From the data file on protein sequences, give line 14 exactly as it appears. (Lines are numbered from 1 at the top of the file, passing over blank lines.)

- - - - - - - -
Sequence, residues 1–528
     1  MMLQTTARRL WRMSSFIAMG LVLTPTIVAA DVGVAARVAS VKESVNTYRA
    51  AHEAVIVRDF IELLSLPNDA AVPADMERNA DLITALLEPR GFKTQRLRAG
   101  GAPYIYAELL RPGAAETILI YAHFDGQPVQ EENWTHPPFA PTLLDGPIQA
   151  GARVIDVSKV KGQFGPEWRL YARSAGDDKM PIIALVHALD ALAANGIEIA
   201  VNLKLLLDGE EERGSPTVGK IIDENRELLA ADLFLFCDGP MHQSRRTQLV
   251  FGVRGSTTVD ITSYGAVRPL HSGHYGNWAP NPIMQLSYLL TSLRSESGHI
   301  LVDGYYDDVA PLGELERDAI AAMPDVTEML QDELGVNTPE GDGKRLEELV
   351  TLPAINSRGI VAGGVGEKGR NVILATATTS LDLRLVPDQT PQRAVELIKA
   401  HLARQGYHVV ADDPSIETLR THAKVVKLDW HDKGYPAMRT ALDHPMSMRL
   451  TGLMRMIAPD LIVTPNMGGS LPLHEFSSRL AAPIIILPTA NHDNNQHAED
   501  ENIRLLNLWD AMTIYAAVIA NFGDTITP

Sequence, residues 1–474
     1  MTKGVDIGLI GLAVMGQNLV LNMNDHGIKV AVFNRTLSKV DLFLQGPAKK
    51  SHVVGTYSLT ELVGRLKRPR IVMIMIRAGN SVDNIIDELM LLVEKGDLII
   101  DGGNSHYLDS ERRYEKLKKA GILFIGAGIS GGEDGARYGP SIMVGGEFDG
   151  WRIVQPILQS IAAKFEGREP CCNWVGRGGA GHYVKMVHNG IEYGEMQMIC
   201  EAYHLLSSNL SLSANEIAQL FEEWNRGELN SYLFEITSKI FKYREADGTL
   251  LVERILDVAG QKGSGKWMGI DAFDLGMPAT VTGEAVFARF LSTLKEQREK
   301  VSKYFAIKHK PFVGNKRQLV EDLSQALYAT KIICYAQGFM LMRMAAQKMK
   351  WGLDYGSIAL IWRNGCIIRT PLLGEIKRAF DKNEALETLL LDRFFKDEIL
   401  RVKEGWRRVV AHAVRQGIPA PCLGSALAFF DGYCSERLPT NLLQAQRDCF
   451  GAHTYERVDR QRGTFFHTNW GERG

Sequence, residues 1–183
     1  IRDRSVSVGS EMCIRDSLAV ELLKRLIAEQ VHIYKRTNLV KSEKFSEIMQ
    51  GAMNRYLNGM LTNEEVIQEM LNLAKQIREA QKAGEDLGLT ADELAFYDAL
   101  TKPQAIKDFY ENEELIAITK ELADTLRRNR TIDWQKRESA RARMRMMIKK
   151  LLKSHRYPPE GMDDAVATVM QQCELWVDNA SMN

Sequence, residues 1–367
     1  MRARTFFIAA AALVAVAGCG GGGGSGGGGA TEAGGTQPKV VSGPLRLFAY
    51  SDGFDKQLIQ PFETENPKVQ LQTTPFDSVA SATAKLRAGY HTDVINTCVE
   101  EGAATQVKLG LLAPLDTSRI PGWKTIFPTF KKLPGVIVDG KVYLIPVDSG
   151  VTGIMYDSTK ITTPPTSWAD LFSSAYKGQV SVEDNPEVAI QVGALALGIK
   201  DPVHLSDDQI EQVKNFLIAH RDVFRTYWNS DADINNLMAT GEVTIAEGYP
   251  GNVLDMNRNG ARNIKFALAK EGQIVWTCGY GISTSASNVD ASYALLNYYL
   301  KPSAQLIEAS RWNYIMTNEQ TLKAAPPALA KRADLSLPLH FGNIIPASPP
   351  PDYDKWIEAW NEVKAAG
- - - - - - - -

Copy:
     1  MTKGVDIGLI GLAVMGQNLV LNMNDHGIKV AVFNRTLSKV DLFLQGPAKK